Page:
Ovidiu Anton. Home is where my problems are
18 May – 30 Jun 2017
Opening reception: 18 May / 7pm
Future Museum (Ion Ghica, 11, Bucharest)
Mo – Fri | 8.00am – 4.30pm
The key subject matter of the work in Ovidiu Anton’s solo show is an emphasis upon several significant contemporary phenomena, but which might at once almost be considered ordinary and matter-of-fact. With our lives becoming not only more dynamic but also more complicated daily, it becomes more and more difficult to recognise authentic cultural, social and political events, which too, in turn, melt imperceptibly into the real. The particular focus of Anton’s works is thus upon normal day-to-day events which are then turned around or shifted to uncover further important layers of meaning.
The exhibition is centred around the work Smells like Paradise (2016) which was created in collaboration with the anthropologist Alexandru Bălăşescu. The main protagonists of the film are two dogs who have been removed from the places of their birth to new countries. Through their eyes we are able to observe the different cultural codes of Austria and Romania. There are two fundamental and opposing elements at play here: the state and the way it is formed by history, culture, politics and its economic development; and, at the same time, the relationship between humans and their environment. Here, through the special relationship between humans and domestic animals, we are able to perceive further significant shades of meaning, deciphering them with ever more subtlety.1
Another work presented here, the performance Exchanging Lemons in Lefkosia and Lefkoşa (2015, 7 min) compares the quality of lemons that were grown in two different political systems (are lemons really any better on the other side?) In the Turkish Republic of Northern Cyprus, the name of the city of Nicosia is Lefkoşa, while in the Republic of Cyprus, which has de jure sovereign rule over the whole island (with the exception of military bases Akrotiti and Dekeleia that belong to the United Kingdom), the Greek name for Nicosia is Lefkosia. It is worth mentioning that the British may be held accountable for the escalation of the national tensions in Cyprus, which they stirred up in the 1950s and which are ongoing today, in a typical case of permanent conflict and generic misunderstanding between minority and majority ethnic groups. In a 2009 interview, (Fruits of Trust, (2009)) Alexander Kluge and Niklas Luhmann discuss the polarity and duality of our mental spaces (peripheries and centres, us and them) which may lead us to the unstable boundary between bestiality and humanity. When we describe bestiality, we evidently feel human, or at least we wish to play such a role. But since from time to time we become beasts too, we can not insist upon any such precise distinction in our ranks. We should not forget that even the most committed humanists might also be observed from the side of bestiality as a beast.2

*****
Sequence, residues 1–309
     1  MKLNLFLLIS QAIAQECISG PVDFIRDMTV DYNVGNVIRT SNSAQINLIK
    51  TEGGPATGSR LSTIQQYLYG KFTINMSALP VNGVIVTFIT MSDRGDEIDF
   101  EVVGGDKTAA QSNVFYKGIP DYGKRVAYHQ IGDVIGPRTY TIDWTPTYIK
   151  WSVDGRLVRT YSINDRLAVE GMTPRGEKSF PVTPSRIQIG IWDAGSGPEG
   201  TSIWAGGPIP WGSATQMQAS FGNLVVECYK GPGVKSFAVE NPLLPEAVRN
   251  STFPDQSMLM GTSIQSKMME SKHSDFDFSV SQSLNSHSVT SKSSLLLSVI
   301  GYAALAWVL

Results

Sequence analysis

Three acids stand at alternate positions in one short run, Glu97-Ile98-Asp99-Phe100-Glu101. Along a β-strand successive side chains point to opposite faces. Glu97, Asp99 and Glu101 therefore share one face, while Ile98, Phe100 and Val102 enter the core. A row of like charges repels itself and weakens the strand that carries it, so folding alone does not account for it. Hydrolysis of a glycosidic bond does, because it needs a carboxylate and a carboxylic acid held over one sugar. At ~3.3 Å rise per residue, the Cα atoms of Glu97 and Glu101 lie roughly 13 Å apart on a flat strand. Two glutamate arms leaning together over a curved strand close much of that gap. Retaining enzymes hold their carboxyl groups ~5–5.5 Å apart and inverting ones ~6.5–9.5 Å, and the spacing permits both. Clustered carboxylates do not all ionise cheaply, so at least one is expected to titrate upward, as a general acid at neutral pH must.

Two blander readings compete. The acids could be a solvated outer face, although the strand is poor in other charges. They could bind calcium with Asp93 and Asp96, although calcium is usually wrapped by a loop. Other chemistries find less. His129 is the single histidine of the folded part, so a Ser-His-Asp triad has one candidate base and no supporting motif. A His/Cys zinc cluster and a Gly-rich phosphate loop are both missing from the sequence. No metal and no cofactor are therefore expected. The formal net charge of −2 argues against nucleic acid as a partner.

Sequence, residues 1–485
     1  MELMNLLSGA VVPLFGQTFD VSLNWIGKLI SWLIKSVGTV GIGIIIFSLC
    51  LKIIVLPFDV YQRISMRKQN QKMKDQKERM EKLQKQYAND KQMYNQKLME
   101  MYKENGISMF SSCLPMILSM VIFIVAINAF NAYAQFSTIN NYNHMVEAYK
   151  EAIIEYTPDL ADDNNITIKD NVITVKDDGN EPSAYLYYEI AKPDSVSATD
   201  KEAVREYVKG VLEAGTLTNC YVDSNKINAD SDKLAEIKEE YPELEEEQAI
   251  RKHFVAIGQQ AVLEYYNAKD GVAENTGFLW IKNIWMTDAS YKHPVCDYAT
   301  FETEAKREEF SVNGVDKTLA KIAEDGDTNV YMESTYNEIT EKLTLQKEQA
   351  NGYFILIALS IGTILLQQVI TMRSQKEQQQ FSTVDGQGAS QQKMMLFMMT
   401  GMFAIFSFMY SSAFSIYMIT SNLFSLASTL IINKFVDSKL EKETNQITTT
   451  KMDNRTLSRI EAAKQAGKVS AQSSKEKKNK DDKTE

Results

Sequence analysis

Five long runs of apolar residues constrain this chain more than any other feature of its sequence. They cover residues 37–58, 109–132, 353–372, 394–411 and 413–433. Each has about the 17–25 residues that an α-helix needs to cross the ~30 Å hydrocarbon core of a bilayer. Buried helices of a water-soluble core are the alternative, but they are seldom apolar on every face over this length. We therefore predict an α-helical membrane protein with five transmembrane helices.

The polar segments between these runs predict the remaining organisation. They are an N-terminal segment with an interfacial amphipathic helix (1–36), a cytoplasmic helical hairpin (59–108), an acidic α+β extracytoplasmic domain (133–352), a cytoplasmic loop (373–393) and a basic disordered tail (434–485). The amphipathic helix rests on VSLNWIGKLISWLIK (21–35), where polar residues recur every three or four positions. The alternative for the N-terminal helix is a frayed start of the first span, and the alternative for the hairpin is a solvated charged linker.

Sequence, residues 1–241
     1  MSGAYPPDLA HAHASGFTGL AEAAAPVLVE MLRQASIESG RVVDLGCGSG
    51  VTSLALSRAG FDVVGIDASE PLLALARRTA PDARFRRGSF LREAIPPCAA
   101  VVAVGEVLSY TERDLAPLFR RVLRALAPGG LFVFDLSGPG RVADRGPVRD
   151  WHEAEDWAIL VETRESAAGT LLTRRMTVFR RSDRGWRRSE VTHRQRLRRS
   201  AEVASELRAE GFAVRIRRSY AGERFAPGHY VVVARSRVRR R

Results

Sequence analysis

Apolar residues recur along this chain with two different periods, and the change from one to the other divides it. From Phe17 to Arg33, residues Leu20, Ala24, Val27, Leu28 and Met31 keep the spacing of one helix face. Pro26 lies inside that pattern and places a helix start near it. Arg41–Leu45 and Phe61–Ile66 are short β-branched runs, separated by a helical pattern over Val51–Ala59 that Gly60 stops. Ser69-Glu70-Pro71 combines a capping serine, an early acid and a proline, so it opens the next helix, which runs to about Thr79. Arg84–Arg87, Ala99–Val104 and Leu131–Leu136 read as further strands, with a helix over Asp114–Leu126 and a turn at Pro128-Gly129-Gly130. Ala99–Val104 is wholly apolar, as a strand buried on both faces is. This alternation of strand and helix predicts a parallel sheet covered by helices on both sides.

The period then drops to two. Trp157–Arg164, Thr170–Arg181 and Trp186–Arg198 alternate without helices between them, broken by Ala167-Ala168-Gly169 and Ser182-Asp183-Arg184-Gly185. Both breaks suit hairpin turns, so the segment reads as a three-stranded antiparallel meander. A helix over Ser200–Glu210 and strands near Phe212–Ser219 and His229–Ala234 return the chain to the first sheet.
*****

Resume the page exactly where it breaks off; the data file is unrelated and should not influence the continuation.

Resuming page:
The other part of the exhibition’s film triptych is an older work, Street Cat Deluxe (2013, 37 min), a multilayered narrative concerning problems in the Turkish metropolis of Istanbul, where the issues of gentrification, human relations and feral domestic animals are intertwined.
The drawings 3m2 of Anarchy are presented as an installation that has been gradually increasing in volume since 2015. The drawings are made by the transformation and redrawing of photographic documentation in a singular 50 x 50 cm format. This work was originally made for the OFF Biennale in Budapest in 2015.
Born in Timişoara, Ovidiu Anton (1982) now lives and works in Vienna, Austria. His work has been presented internationally, in major exhibitions by leading museums and galleries including Koenig 2, Vienna (2017), Kunstmuseum Liechtenstein (2017), Graz Museum (2015), OFF-Biennale Budapest (2015), MAK in Vienna (2015) and Tobacco 001 Cultural Centre in Ljubljana (2014).
The Future Museum’s 2017 programme objectives are to articulate the position of Romanian artists who were born in Romania and then either settled in another country or spent many years abroad. The programme starts in May 2017 with this solo exhibition by Ovidiu Anton. Works by Anetta Mona Chisa & Lucia Tkáčová will open the summer season and the series will close with an autumn exhibition by the film director Andrei Ujică.
This event has been organised by the Future Museum (Czech Centre Bucharest), with the support of BCR and Staropramen. Partners: Austrian Cultural Forum Bucharest and Becherovka.
1 Ovidiu Anton and Alexandru Bălăşescu won the first prize in the competition “Create Your Bucharest” as part of the Vienna Biennale 2015 at the MAK Vienna. The production of the film Smells like paradise was sponsored by the Austrian Ministry for Art and Culture, the Otto Mauer Fonds and Brenntag Romania.
2 Bestiality could replace in this context by conqueror.